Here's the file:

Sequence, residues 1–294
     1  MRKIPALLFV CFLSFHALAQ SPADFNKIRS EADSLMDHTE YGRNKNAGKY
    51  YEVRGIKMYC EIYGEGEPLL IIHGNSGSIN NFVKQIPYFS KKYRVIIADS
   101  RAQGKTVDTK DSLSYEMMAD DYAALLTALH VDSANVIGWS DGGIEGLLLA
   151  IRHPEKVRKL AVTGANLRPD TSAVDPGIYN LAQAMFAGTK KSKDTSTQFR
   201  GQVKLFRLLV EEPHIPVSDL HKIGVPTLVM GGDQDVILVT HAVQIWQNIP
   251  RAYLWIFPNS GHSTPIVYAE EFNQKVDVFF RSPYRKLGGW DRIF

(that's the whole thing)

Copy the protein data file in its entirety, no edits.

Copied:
Sequence, residues 1–294
     1  MRKIPALLFV CFLSFHALAQ SPADFNKIRS EADSLMDHTE YGRNKNAGKY
    51  YEVRGIKMYC EIYGEGEPLL IIHGNSGSIN NFVKQIPYFS KKYRVIIADS
   101  RAQGKTVDTK DSLSYEMMAD DYAALLTALH VDSANVIGWS DGGIEGLLLA
   151  IRHPEKVRKL AVTGANLRPD TSAVDPGIYN LAQAMFAGTK KSKDTSTQFR
   201  GQVKLFRLLV EEPHIPVSDL HKIGVPTLVM GGDQDVILVT HAVQIWQNIP
   251  RAYLWIFPNS GHSTPIVYAE EFNQKVDVFF RSPYRKLGGW DRIF